This is my own about.me page. This took about 10 minutes to sign up, and as you can see it has links to a LOT of different profiles on the web. While it gives me a lot of options for modifying the look, the majority of the screen is whatever picture I want to upload to it. I like that too – it means I get to dominate the look of my page. Where Facebook dictates the entire look of the page, and WordPress practically requires a Master’s degree in tedious coding to make it pretty, all about.me needs is a picture.

Finally, it’s a lot less obnoxious sharing an about.me page than it is a lead gen form or a blog on social media profiles. Sure, you don’t get all the traffic from your profile link to your blog – that’s a strike against it. But if you’re more into sharing your real life with people, you look less like a desperate marketer and more like an actual, real life person.

Check it out – it’s very cool stuff.

Top 5 Useless New Technologies

There are a lot of gadget toys available to us these days. They’re all pretty neat, but how useful are any of them anyway? These five are, in my opinion, the most worthless of the lot.

Sorry ladies - theyre married!

1) Facetime/Video Phone Calls

I know a lot of Apple people will, again, cry foul at this. It’s a great idea, and why do I keep bashing Apple? I’m doing it because no one uses Facetime, and no one asked for it. How many people bought an iPhone 4 or iPod Touch because it afforded them the ability to place a video call? I sure don’t hear anyone telling me to get one so they can see me while they’re talking to me.

And I’m incredibly handsome!

Out of curiosity, I ran a search for, “does anyone need Facetime,” just to see if there was any consensus on this. What I found were forum posts from people asking complete strangers if they had an iPhone 4, and could they call them “just to try this Facetime thing out.” There’s even an article on how Apple now has a service so you can Facetime them, because they know full well no one uses this thing.

BTW, can this really be called “innovation” when most laptops now have built-in cameras, and there are programs like Skype that people don’t use very much either? The only industry that’s found any niche with video chat so far are sex cams. And I don’t see too many consumers or marketing people in that industry doing a lot of bragging.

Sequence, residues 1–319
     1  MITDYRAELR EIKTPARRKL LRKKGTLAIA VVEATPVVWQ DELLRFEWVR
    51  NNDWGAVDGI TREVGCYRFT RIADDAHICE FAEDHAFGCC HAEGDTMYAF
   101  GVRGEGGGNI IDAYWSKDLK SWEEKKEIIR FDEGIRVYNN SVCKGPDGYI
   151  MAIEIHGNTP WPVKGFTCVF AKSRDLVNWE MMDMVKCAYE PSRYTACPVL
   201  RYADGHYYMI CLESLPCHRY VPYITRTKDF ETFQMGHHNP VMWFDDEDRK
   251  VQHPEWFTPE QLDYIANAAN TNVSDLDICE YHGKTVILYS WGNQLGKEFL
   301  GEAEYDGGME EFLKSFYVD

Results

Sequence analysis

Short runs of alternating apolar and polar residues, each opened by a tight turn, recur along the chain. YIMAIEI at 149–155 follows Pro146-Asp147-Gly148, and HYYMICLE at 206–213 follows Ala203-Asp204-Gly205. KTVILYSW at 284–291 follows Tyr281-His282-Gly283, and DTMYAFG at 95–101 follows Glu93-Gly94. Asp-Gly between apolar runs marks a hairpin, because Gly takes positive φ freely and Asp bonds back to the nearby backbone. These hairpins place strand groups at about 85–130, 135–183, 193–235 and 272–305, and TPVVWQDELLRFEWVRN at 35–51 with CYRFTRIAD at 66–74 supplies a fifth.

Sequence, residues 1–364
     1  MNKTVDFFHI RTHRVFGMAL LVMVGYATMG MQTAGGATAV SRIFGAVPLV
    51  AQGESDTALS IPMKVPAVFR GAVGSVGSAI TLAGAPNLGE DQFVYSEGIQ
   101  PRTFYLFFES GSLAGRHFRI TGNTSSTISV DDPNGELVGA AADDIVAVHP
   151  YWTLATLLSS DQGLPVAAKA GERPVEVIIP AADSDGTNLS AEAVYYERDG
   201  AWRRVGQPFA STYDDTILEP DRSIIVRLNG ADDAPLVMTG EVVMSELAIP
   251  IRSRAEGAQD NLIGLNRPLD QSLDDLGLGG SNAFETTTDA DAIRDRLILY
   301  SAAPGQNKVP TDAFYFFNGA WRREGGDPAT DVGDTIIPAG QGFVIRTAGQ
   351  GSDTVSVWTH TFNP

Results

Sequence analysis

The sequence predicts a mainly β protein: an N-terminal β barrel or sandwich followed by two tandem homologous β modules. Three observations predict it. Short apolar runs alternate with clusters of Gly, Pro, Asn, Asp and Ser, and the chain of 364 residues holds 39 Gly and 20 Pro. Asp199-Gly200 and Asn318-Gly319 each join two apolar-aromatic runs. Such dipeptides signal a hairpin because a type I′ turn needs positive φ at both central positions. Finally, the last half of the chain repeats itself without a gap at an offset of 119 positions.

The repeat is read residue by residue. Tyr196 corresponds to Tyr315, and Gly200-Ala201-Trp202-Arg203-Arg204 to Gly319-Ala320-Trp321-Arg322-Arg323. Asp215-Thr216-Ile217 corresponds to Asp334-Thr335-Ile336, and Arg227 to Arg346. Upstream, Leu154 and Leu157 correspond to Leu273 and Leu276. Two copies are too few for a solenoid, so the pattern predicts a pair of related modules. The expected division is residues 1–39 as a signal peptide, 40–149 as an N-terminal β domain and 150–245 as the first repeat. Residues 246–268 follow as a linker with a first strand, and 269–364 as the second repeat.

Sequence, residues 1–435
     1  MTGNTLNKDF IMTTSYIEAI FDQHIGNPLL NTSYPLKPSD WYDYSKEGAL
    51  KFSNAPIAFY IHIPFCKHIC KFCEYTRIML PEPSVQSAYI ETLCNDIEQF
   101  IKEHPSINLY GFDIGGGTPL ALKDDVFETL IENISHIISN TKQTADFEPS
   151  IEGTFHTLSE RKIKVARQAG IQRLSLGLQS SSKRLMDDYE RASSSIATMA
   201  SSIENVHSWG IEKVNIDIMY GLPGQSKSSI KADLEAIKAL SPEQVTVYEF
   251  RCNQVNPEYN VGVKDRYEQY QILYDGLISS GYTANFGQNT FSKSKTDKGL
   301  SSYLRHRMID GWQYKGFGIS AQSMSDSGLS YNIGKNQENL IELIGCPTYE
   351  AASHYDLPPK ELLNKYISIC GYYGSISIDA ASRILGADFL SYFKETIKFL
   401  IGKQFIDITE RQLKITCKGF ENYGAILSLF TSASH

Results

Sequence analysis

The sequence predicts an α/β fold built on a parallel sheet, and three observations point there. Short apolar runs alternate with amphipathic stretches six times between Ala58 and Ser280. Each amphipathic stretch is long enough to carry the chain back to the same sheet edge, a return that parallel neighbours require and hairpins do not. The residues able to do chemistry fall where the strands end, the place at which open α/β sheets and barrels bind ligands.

2) QR Codes/MS Tags

Heres the QR code for this very post - if you really care.

Both of these things come from the same idea: A physical bar code that can be read by a phone, and call up a web site or video for the consumer. See one on your favorite soda? Scan it and see a commercial for the movie “Avatar!” That’ll be fun!

But it’s not. Setting up the app to scan these things for most users isn’t easy, and the payoff is just seeing the company’s advertising. That’s so lame it defies language.

3) Augmented Reality

Here’s one that sprang up a while back and never took off. The idea was that, though your phone’s camera, you could see your surroundings with additional information – like the location of your Twitter friends, or Google Maps information on the shops your camera was looking at.

The reason this flopped seems to be two-fold: First, an app has to be set up, which is not fun to have to do. I know the first few that came out required several apps running at once. I, like most, gave up after that.

Second, the result was never terribly Earth shattering. Sure, it’s tripy to see a row of restaurants with their review information hanging over them, but actually reading the reviews is easier on a plain old flat page of text.

4) Geosocial Networking

I’m looking at you, Foursquare and Gowalla and Facebook Places. I’ve bitched about these things long enough I don’t feel I need to do much more here. But I did finally, for the last time, end my relationship with Foursquare because of the fruitlessness of it. No one cares where you went to lunch today, no one cares that you’re the Mayor of the local pizzeria, and getting 1/2 off a taco when you buy another taco of equal or lesser value is a stupid offer. I’ll just buy two tacos, and not look like another douche playing with his phone in public, thank you.